We frequently remind ourselves and others that safety is foundational in Total Worker Health®. By this we mean that health and well-being are critically important, but if we don’t make work (or life outside of work) safe first, we may not reach the point where health or well-being can be attained or enjoyed.
Yesterday, while working at home as a non-essential worker, my adult daughter returned home shaken. She had been on a run in our suburban neighborhood, when a homeowner (attended by small children) severed a power line while felling a tree. The severed line hit the sidewalk-less road within a foot or two of my daughter. Syncing my “parent hat” with my now home-based Safety and Health Professional hat, I donned my bike helmet and rode the half mile or so to the site. I was concerned that the area was properly blocked off, knowing that PGE (Portland General Electric) had been called but likely had not yet arrived. Anecdotally, I was also interested in learning more from the homeowner as to why this had happened.
When I arrived at the site, the kids let me know they had blocked off the street (using tables). I explained to them that I was the parent of the person who had almost been hit. They were concerned, and I felt I had an opportunity to make sure they understood how important safety practices are when doing potentially dangerous jobs. They said their dad knew how to do it, and they were helping him pull the tree away from the lines, but it got away from them. As I chatted with the kids, their parent came up and asked if he could help me. In essence I was told it was simply an accident. After I made the point that while accidents happen, following known safety practices can help prevent injuries and deaths, he replied, “People die every day.”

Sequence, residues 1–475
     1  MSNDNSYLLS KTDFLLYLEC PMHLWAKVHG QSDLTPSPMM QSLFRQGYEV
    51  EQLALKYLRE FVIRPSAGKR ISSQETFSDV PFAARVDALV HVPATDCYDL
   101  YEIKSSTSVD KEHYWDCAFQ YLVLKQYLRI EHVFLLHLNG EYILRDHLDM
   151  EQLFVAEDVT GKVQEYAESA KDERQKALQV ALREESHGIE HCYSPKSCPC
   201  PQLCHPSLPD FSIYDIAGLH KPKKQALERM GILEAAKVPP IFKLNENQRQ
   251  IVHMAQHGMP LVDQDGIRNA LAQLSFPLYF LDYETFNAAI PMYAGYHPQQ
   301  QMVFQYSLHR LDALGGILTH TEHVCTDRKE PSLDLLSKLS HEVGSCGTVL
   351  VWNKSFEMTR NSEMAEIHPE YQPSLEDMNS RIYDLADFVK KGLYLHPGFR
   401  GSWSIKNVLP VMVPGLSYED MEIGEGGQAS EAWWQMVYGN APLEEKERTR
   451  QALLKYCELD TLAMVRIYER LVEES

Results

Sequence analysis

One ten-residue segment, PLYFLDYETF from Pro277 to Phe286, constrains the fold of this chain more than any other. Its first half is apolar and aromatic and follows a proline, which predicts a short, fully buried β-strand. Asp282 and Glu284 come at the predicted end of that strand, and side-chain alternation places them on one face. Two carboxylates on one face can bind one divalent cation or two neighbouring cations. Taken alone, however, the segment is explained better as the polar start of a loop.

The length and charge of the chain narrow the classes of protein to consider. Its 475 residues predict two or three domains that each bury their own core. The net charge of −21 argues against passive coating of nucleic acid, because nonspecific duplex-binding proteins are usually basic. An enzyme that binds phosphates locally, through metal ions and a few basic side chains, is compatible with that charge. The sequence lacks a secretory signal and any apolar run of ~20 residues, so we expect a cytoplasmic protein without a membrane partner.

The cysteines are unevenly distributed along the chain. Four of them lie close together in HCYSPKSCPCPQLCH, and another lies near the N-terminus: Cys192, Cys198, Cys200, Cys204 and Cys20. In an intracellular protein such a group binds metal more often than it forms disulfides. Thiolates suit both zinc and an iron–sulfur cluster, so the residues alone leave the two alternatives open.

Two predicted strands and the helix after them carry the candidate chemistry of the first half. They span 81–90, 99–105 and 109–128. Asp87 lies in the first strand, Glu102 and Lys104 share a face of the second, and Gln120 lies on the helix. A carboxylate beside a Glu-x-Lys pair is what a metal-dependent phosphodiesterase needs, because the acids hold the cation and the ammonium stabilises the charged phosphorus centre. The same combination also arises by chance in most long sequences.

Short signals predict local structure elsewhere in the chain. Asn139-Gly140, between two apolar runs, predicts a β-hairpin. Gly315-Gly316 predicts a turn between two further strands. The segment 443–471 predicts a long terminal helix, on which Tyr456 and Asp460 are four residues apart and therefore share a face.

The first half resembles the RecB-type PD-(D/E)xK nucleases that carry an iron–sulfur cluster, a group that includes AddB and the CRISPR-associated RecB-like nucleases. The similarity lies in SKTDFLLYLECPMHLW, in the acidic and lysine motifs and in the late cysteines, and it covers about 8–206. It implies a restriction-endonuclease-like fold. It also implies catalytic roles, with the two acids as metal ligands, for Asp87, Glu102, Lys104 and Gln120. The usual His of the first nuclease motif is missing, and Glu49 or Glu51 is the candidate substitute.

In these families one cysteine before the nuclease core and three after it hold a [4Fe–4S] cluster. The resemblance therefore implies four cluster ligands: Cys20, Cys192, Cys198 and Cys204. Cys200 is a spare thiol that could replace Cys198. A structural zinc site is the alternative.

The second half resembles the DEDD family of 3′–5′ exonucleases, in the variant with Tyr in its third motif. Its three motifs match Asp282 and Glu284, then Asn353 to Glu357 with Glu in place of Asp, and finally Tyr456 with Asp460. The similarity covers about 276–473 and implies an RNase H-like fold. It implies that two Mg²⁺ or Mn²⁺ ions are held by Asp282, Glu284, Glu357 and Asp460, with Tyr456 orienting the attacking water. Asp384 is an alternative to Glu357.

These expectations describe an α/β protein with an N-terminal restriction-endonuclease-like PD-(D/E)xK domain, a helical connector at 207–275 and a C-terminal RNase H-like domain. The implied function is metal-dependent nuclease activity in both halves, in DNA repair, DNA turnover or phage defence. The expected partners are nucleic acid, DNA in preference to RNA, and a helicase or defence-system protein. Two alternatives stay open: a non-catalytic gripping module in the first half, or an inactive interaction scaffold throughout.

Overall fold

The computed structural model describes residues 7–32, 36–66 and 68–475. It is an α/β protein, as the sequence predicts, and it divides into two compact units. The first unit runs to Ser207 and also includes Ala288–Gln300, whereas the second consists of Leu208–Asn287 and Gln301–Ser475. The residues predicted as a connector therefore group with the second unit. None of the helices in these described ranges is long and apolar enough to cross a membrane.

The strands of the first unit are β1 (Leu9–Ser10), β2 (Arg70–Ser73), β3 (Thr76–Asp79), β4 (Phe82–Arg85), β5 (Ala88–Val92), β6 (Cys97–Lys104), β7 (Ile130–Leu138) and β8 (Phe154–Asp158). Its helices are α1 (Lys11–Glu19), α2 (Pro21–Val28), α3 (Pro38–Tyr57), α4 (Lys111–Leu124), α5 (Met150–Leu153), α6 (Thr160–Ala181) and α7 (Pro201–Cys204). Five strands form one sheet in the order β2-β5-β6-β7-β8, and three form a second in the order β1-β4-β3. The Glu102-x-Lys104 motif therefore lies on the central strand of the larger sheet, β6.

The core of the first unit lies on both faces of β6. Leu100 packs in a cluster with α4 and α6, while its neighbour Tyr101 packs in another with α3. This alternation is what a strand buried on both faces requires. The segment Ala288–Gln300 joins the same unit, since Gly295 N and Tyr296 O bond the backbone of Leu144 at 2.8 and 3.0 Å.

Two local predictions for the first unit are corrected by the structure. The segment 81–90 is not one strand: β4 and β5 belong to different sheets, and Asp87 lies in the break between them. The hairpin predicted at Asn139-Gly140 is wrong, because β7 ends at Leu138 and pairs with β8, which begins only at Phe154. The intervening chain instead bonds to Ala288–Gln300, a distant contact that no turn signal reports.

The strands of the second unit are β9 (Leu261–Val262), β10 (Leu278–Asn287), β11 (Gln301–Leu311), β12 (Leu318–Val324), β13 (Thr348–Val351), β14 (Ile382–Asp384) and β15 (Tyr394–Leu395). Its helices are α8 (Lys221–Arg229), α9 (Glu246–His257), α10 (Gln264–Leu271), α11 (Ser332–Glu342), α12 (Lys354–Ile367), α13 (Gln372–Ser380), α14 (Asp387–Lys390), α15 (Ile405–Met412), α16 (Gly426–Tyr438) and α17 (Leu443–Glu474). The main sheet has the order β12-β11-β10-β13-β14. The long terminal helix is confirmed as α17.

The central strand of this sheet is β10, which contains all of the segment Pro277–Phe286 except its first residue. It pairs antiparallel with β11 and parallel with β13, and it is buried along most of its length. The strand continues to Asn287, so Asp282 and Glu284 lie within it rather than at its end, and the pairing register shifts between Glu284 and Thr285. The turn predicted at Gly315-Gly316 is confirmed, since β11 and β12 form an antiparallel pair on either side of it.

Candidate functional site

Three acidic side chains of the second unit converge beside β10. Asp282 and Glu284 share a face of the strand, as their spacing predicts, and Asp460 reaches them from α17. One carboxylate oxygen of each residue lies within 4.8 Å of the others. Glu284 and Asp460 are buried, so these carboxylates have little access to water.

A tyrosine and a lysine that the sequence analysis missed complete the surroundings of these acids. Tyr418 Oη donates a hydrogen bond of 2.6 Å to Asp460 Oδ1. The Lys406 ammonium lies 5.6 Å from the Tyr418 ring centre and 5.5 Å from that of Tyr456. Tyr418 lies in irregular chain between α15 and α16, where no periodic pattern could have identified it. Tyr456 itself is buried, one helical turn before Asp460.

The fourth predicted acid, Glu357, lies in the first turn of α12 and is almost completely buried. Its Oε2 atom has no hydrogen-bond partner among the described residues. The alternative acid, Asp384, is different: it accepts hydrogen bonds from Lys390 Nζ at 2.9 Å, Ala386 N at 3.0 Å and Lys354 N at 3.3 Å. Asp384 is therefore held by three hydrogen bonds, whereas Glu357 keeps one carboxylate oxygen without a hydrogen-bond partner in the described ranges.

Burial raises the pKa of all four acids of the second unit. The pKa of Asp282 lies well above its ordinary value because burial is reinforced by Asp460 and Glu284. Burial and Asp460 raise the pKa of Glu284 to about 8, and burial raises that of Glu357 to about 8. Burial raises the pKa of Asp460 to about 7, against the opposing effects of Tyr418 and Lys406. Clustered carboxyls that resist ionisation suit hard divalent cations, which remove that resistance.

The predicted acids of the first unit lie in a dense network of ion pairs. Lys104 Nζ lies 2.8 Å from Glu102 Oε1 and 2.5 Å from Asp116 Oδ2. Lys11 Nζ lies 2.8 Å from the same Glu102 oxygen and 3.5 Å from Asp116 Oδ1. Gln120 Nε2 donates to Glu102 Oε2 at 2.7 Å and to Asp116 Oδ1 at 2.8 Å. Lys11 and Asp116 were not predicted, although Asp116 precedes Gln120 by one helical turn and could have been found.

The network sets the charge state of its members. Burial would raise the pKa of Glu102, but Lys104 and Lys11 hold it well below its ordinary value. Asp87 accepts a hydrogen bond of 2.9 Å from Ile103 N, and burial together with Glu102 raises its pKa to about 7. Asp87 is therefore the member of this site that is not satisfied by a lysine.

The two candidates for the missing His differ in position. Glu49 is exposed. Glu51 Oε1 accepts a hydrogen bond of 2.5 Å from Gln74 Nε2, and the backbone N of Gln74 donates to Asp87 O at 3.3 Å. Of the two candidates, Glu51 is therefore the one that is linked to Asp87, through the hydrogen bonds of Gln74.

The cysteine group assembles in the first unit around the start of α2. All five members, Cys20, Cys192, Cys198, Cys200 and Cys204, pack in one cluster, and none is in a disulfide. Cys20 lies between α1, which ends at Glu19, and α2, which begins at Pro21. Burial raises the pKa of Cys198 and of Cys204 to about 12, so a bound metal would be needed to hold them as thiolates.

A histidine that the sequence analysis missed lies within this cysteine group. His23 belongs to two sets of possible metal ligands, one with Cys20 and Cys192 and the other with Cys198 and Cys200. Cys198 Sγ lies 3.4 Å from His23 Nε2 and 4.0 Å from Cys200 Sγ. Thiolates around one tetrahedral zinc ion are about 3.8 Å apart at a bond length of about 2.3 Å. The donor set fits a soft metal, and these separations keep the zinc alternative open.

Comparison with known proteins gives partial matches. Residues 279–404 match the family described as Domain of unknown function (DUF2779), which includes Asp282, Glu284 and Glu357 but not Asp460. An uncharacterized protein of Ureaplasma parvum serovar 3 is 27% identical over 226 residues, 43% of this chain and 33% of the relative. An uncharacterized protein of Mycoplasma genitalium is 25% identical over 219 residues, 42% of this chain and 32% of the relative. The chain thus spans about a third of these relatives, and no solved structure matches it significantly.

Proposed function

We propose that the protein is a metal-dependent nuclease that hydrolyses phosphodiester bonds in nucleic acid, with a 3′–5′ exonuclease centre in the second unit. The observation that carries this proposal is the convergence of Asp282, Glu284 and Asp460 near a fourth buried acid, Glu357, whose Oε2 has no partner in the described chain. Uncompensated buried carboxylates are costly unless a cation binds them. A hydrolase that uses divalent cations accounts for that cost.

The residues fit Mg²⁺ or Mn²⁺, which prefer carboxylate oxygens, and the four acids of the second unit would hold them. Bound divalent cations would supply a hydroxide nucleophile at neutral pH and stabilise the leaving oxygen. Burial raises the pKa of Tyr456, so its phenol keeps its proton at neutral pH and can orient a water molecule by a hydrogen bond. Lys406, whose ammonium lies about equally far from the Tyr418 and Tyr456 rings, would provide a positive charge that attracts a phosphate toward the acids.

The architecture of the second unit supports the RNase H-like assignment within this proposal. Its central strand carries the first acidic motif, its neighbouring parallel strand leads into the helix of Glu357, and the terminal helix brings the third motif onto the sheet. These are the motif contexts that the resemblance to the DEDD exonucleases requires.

You can imagine how I felt after hearing this, and I was relieved when PGE arrived to know that it was now in good hands, and that the PGE line worker would help this homeowner understand the significance of what he had done, and yes, that it could (and should) have been prevented. Later I got to thinking about how horrible it would have been if any of these young children had been hurt or killed, or if they had seen their dad be injured or killed by this preventable accident. I am thankful that while this accident happened, and it did cause electrical outage, that no life was lost.
Thus, I am reminded of the importance of continuing to educate others and share our message that accidents can be prevented, both at work and at home. Children can and should be taught about how to reduce risk, beginning with simple examples and activities. And while many of us want to give our kids “life experiences” please let us make sure when we do it we are selecting reasonable and safe activities to teach risk and prevention, before putting them or ourselves in harm’s way.
Activities That Teach Safety (by Scholastic for PreK-K)
Student Safety Month Safety Plans (by teacher planet)
Youth @ Work: Talking Safety for Oregon (NIOSH/Oregon OSHA)
Young Employee Safety Awareness Training (O[yes], Oregon OSHA, teens + with certificate)
Promoting U Through Safety & Health (PUSH, Oregon Healthy Workforce Center)